recently been diagnosed with “active” (acute) Lyme disease?
Do you want to help others? We have a
unique plasma donation program just for you. Your plasma is needed for
further research by researchers and diagnostic companies to research the
disease as well as to manufacture your plasma into the controls for test kits
to diagnose others.
Participants will donate
plasma which is very similar to donating blood like at a red cross but you can
do this twice in a 7-day period because you get your red blood cells back thru
this process/procedure. If you qualify you will be compensated $500 each
time you donate and all/any travel related expenses are pre-paid by us so you
can participate at no cost to you.
To learn more visit us at
http://www.accessclinical.com or call us at 800-510-4003 to speak to an agent today
about the program.
Must have, or have access to
your Lyme disease blood work (test results)
Must be 18-65 years in age
and weigh at least 110 pounds or more
Must be HIV/HCV & HBV
This report describes the proper
interpretation of serologic testing for B. burgdorferi and
identifies best practices for reporting results to clinicians, public health
agencies, and patients.
assessing a patient for Lyme disease, health care providers should consider:
likelihood that the patient has been exposed to infected blacklegged ticks
possibility that other illnesses may cause similar symptoms
of laboratory tests, when indicated
recommends a two-step testing process for Lyme disease. Both steps are required
and can be done using the same blood sample. If this first step is negative, no
further testing is recommended. If the first step is positive or indeterminate
(sometimes called “equivocal”), the second step should be performed. The
overall result is positive only when the first test is positive (or equivocal)
and the second test is positive (or for some tests equivocal).
and Symptoms (3 to 30 Days After Tick Bite)
chills, headache, fatigue, muscle and joint aches, and swollen lymph nodes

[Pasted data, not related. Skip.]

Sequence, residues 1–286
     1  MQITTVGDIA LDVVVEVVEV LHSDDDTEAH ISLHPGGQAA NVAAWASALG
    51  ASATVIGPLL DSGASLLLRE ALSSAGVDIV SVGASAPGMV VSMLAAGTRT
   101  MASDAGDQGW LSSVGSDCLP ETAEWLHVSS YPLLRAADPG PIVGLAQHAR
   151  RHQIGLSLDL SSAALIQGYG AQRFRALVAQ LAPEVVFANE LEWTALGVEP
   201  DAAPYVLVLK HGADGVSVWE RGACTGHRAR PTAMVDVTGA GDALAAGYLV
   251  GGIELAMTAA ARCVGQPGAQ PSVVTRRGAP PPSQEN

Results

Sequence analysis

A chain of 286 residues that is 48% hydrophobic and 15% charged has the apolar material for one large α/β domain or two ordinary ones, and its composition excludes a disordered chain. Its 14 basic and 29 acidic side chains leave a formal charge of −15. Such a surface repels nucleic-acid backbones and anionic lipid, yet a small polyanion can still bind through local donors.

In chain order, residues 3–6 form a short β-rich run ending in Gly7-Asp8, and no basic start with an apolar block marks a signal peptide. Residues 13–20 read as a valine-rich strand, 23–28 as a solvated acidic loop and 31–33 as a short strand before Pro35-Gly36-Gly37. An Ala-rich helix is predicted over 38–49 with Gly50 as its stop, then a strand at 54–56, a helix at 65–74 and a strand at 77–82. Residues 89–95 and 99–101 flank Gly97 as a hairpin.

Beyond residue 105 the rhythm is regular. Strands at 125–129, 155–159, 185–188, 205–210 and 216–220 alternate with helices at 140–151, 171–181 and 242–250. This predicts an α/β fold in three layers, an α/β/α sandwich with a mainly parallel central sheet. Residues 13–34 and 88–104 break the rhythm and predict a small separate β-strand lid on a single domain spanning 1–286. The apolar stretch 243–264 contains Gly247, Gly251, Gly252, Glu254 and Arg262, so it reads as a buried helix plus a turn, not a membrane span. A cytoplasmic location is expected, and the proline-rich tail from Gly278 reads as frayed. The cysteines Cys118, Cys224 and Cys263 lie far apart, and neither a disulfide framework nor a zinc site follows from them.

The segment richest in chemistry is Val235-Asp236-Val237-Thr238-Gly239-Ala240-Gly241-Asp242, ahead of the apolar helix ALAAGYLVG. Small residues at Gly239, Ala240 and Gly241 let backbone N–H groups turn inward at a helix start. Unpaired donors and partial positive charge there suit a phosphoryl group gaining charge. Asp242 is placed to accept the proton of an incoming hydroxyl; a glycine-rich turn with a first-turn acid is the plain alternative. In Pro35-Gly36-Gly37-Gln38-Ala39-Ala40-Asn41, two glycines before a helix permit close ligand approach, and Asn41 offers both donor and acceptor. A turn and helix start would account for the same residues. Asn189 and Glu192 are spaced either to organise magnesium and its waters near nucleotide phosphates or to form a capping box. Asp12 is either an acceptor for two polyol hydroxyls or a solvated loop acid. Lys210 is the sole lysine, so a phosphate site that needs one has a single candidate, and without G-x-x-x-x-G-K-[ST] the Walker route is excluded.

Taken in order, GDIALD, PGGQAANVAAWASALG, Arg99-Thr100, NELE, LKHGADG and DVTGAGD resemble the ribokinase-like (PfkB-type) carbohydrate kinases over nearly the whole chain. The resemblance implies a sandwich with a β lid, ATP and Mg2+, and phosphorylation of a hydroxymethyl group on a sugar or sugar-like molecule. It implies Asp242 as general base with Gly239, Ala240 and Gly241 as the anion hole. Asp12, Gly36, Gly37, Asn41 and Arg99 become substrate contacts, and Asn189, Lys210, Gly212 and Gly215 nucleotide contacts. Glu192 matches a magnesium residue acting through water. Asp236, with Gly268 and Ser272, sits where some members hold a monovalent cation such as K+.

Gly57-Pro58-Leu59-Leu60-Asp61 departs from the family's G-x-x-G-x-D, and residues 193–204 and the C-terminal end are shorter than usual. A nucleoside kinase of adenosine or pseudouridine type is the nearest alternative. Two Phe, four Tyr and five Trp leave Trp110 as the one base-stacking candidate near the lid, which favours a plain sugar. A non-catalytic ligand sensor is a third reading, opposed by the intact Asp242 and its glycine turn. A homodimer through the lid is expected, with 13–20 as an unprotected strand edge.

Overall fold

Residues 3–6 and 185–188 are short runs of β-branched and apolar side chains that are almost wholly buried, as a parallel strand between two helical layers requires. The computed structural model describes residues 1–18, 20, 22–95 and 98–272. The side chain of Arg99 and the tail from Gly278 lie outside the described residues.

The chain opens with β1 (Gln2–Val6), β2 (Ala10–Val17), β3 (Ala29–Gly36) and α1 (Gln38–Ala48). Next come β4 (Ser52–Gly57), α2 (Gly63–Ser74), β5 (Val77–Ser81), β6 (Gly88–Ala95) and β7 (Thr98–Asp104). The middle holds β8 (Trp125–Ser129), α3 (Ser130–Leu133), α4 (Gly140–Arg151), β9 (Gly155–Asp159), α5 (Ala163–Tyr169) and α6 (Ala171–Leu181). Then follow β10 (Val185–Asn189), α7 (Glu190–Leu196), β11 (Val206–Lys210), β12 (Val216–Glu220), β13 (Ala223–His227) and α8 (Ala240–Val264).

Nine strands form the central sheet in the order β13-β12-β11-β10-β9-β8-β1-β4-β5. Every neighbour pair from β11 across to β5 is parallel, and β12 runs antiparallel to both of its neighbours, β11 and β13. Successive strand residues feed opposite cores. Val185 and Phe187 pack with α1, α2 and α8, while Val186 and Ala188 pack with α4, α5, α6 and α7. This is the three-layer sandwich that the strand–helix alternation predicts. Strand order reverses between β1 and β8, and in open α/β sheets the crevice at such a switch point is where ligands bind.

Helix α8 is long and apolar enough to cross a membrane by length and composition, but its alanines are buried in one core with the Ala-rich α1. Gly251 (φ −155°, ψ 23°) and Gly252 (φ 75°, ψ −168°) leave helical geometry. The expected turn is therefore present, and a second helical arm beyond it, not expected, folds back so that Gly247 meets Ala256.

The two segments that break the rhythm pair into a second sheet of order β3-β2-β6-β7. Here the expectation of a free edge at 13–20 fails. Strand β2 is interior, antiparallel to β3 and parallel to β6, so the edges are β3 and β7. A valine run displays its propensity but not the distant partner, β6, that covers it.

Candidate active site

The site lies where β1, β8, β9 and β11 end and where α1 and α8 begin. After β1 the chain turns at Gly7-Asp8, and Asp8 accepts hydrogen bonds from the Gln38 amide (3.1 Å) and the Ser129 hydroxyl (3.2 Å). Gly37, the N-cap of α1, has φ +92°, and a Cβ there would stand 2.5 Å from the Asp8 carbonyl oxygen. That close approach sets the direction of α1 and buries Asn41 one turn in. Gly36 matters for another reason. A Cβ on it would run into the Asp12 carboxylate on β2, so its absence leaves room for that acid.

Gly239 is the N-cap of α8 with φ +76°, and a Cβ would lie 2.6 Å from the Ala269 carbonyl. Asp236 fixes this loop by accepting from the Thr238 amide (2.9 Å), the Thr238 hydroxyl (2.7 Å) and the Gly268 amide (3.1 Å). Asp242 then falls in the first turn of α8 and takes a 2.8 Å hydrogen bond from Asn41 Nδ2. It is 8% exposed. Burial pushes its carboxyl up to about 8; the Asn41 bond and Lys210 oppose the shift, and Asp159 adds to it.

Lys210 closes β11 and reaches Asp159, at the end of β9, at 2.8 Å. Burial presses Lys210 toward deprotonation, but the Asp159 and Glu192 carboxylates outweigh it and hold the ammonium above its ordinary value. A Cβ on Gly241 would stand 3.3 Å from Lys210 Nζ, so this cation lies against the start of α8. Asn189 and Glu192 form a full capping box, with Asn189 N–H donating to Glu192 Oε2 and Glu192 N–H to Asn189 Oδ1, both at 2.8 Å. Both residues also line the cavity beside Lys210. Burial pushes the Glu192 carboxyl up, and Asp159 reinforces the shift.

may occur in the absence of rash
- Erythema migraines
- Occurs in
approximately 70 to 80 percent of infected persons
- Begins at
the site of a tick bite after a delay of 3 to 30 days (average is about 7
gradually over several days reaching up to 12 inches or more (30 cm)
- May feel
warm to the touch but is rarely itchy or painful
clears as it enlarges, resulting in a target or “bull’s-eye” appearance
- May appear
on any area of the body
- Does not always
appear as a “classic” erythema migraines rash
What is Plasma?
Plasma is the largest part of your blood. It makes up more than half (about
55%) of its overall content. When separated from the rest of the blood, plasma
is a light yellow liquid. Plasma carries water, salts and enzymes.
The main role of plasma is to take nutrients, hormones, and proteins to the
parts of the body that need it. Cells also put their waste products into the
plasma. The plasma then helps remove this waste from the body. Blood plasma
also carries all parts of the blood through your circulatory system.
Plasma is a critical part of the treatment for many serious health problems.
This is why there are blood drives asking people to donate blood plasma.
Along with water, salt, and enzymes, plasma also contains important
components. These include antibodies, clotting factors, and the proteins
albumin and fibrinogen. When you donate blood, healthcare providers can
separate these vital parts from your plasma. These parts can then be
concentrated into various products. These products are then used as treatments
that can help save the lives of people suffering from burns, shock, trauma, and
other medical emergencies.
The proteins and antibodies in plasma are also used in therapies for rare
chronic conditions. These include autoimmune disorders and hemophilia. People
with these conditions can live long and productive lives because of the
treatments. In fact, some health organizations call plasma “the gift of
If you want to donate plasma to help others in need, you will go through a
screening process. This is to make sure your blood is healthy and safe. If you
qualify as a plasma donor, you’ll spend about an hour and a half at a clinic on
every follow-up visit.
During the actual blood donation process, your blood is drawn through a
needle placed in a vein in one arm. A special machine separates the plasma and
often the platelets from your blood sample. This process is called
plasmapheresis. The remaining red blood cells and other blood components are
then returned to your body, along with a little saline (salt) solution.